Our results confirm that neuraxial analgesia is a risk factor for the development of intrapartum fever, even after adjusting for other confounders. The relationship between neuraxial labor analgesia and maternal fever was first described in 1987.27 Since that time there have been a variety of studies, both observational and randomized, describing epidural fever.5,28–31 Although the exact mechanism of epidural fever is poorly understood, it is currently believed to be related to an underlying systemic and/or regional inflammatory process, likely mediated by IL-6, without an underlying infectious etiology.21,29 This noninfectious inflammation hypothesis was additionally supported by the work of Sharma et al.,32 who performed a double-blind, placebo-controlled trial with prophylactic antibiotics before epidural catheter placement and showed no difference in the incidence of maternal hyperthermia or placental inflammation between groups.
Although there have been several studies investigating treatment options for epidural fever, to date none have yielded acceptable options. Administration of prophylactic acetaminophen does not prevent maternal temperature increase.33 Goetzl et al.34 found that high-dose methylprednisolone prevented maternal fever and resulted in lower levels of IL-6 compared with the control group, who did not receive methylprednisolone, but it was associated with an increased risk of neonatal bacteremia. Women who were randomly assigned to receive epidural dexamethasone at the time of initiation of epidural labor analgesia showed a trend toward less maternal fever, as well as lower levels of IL-6, but the study was underpowered and did not evaluate the neonatal consequences of maternally administered dexamethasone.35
How magnesium sulfate administration influences body temperature regulation is not completely understood. A variety of mechanisms are plausible. Magnesium-induced peripheral vasodilation is thought to accelerate the drop in core temperature observed in healthy volunteers in research experimental settings.36 The shivering threshold decreased by 0.3°C without concomitant peripheral vasodilation, when healthy male volunteers received continuous intravenous magnesium infusion, underlying the importance of a magnesium central nervous system effect.37 It is possible that a combination of a peripheral and a central nervous system magnesium effect contribute to the observed decrease in central core temperature in the parturient who receives intrapartum magnesium therapy. High magnesium dietary intake has been found to be associated with decreased systemic levels of inflammatory cytokines, such as IL-6, among 3,713 healthy postmenopausal women.38 It is possible that magnesium blunts the systemic inflammatory cascade and attenuates the febrile response in the parturient, because intrapartum fever is commonly associated with increased plasmatic level of IL-6.29 The protective effects of magnesium sulfate on the neonatal brain have been well demonstrated in rat models of inflammation18,19 and in randomized trials in humans39–41 and is currently used for its neuroprotective properties in preterm delivery.10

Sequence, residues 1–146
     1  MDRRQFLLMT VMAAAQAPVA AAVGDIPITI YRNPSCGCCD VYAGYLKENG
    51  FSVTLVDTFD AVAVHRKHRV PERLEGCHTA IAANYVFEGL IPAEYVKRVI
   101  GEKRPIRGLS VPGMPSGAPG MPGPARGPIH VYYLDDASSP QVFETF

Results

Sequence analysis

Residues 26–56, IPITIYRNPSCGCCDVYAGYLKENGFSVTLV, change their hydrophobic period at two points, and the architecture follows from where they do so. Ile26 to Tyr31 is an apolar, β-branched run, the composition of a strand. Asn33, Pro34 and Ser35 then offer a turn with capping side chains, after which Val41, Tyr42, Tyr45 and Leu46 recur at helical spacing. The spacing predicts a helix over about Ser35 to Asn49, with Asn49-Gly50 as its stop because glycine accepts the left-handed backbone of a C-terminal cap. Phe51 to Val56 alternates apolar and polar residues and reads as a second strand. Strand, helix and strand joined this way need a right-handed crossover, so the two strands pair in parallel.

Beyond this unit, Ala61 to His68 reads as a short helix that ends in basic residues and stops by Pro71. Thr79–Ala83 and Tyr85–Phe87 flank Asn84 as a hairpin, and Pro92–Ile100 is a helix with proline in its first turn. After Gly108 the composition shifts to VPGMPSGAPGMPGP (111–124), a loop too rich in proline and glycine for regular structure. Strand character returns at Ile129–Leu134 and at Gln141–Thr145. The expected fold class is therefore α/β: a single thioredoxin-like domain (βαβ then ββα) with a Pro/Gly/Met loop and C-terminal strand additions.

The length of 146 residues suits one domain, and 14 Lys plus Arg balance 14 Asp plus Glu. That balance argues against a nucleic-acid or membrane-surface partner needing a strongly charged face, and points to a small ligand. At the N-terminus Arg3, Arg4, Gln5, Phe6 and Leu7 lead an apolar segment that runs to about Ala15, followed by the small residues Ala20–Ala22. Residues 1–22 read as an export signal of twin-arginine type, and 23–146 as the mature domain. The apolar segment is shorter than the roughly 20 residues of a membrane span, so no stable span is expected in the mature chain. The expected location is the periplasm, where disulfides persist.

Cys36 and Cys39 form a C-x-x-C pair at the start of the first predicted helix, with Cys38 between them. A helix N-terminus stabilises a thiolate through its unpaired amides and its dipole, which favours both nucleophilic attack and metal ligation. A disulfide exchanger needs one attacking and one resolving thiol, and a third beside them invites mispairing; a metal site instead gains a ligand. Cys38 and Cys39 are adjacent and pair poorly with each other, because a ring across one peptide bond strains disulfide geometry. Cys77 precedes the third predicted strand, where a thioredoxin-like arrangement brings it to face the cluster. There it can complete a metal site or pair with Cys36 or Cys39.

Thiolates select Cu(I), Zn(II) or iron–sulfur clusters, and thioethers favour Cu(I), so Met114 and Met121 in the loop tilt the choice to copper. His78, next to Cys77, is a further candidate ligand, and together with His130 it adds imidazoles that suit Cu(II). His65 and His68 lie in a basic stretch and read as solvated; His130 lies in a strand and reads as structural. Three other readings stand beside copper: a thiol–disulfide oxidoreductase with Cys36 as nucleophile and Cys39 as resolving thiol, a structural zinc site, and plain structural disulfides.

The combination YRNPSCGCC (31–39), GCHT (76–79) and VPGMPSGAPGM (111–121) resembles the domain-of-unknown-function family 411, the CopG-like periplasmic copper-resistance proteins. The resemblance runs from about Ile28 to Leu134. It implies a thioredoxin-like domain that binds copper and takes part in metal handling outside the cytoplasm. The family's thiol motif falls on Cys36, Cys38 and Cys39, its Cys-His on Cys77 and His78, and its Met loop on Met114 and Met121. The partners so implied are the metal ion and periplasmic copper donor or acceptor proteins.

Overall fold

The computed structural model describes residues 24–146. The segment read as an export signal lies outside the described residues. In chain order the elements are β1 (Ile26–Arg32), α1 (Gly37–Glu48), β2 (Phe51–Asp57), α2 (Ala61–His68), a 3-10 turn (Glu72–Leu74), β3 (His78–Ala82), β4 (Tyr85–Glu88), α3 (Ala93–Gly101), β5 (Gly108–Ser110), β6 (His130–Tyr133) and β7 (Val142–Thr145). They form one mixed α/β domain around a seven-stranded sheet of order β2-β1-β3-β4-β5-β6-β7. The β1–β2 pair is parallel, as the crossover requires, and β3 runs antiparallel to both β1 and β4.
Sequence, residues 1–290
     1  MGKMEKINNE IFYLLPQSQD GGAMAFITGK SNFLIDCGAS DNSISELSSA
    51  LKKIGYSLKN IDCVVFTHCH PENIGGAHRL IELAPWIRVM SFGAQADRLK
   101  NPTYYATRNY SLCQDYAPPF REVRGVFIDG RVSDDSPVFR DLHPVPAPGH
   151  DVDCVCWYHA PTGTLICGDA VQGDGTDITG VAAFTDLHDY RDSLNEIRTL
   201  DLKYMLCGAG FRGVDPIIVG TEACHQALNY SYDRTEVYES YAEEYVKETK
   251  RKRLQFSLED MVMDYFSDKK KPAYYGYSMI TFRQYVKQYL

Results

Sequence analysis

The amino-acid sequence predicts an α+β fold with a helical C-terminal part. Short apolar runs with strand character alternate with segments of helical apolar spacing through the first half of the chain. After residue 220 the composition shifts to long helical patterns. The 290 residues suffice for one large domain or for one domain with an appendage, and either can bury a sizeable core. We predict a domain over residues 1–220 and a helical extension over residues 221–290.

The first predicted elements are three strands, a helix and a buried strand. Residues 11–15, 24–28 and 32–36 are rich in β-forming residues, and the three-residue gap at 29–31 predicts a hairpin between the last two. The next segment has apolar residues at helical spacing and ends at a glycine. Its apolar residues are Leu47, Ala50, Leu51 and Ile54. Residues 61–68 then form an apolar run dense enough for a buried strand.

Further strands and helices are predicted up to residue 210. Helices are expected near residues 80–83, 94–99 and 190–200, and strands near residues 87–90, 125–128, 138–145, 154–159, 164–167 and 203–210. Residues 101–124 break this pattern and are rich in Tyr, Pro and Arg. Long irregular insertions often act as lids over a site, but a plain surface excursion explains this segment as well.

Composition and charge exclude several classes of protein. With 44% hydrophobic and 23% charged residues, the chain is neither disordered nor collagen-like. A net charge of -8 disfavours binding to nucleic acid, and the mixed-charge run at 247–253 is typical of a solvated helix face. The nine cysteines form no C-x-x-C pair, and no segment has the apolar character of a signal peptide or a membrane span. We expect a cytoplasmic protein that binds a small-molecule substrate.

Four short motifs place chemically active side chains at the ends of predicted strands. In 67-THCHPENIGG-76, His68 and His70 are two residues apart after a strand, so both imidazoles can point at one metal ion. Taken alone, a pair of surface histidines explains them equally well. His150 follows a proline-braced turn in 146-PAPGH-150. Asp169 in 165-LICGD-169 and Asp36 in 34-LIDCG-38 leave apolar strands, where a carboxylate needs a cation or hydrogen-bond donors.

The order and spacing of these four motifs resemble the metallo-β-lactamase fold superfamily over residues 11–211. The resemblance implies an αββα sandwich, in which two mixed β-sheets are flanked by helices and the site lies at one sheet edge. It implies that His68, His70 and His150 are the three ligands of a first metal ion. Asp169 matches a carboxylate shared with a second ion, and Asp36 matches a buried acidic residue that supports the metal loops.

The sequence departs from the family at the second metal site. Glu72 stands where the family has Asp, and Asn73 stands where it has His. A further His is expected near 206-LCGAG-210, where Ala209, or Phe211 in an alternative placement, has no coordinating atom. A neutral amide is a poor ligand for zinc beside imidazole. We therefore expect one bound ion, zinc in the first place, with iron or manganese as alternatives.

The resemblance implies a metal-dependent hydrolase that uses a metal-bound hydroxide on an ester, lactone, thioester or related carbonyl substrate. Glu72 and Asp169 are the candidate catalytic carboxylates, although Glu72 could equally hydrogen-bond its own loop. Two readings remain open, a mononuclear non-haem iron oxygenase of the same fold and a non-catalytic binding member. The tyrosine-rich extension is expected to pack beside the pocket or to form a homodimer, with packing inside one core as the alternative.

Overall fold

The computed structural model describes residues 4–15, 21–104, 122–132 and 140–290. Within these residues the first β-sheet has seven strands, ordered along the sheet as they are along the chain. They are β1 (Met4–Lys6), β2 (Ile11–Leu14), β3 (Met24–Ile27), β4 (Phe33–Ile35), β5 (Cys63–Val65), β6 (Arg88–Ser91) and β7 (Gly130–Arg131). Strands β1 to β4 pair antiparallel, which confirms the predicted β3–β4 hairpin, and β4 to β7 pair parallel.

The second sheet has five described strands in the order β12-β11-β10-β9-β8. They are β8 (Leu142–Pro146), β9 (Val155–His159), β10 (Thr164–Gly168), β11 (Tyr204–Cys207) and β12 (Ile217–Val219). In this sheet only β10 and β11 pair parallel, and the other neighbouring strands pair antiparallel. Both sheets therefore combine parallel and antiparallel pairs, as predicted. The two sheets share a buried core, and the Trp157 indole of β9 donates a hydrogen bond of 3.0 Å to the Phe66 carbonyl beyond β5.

Our study further confirms other risk factors previously shown to be associated with the development of maternal fever; these include duration of labor and mode of delivery. Goetzl et al.29 did not find the duration of labor to be predictive of maternal fever, instead concluding duration of epidural analgesia and duration of membrane rupture to be more predictive of maternal temperature. However, our study suggests that labor duration is associated with an increase in the occurrence of fever, a finding consistent with other reports in the literature.5,30,31 In addition, our results suggest that women with intrapartum fever are more likely to deliver via cesarean section. Greenwell et al.5 similarly demonstrated that febrile patients with epidural analgesia were more likely to undergo cesarean section or operative vaginal delivery.
It is important to consider the limitations of this study. The study was retrospective, thus we cannot exclude the possibility of errors in documentation or inaccuracy within the extracted data. In addition, the only temperature that was used for analysis was the maximum temperature in labor. Although hourly temperatures are recorded during labor, these values are recorded on the fetal heart rate tracings. Data from the tracings are not available in the EDW, and therefore hourly temperatures and labor curves could not be evaluated. This precluded us from evaluating the interaction among the timing of fever development, magnesium therapy, and neuraxial analgesia, because we only had access to the highest temperature in labor and the time of its occurrence but not the time at which the patient initially became febrile. An additional limitation is that approximately 34.4% of cases were missing data on the maximum temperature, and we do not know whether these cases excluded from the analysis differed from the included cases. The duration of magnesium therapy and total dose of therapy were not evaluated; thus, we were unable to assess whether there is a dose-dependent effect on maternal temperature. Furthermore, given the retrospective nature of our data, we were unable to determine the mechanism of decreased maternal fever in patients receiving magnesium therapy.
An additional limitation is the definition of fever used for this study. Although the definition of fever as a temperature 38.0°C or greater may be considered conservative and broad, it is one of the most commonly used in clinical practice. Although Lieberman et al.42 suggest that higher-grade fevers may be worse for neonatal outcomes, in human epidemiology studies even low-grade temperatures (e.g., 37.5°C) are associated with adverse neonatal outcomes.3 Additionally, there is reasonable evidence to suggest that the inflammation leading to hyperthermia and not the hyperthermia itself is culpable. In clinical practice, unexplained fever of 38.0°C is often considered clinical chorioamnionitis and is treated with antimicrobial therapy,20 although the etiology is in fact not infectious.43 Furthermore, clinical diagnosis of chorioamnionitis, per the Centers for Disease Control and Prevention guidelines, results in neonatal evaluation and treatment.44
Our data suggest that magnesium may play a protective role against the development of maternal fever. These findings should be validated in a prospective study to inform the use of magnesium as a potential intervention. Future work should evaluate the association between the duration of magnesium administration and the development of fever and the mechanism of this protective effect.
Supported by award No. 69779 from the Robert Wood Johnson Foundation Harold Amos Medical Faculty Development Program (Princeton, New Jersey; to Dr. Toledo) and with funding from the Department of Anesthesiology, Northwestern University Feinberg School of Medicine (Chicago, Illinois) and the Department of Anesthesiology, Wake Forest Baptist Medical Center (Winston-Salem, North Carolina).
The authors declare no competing interests.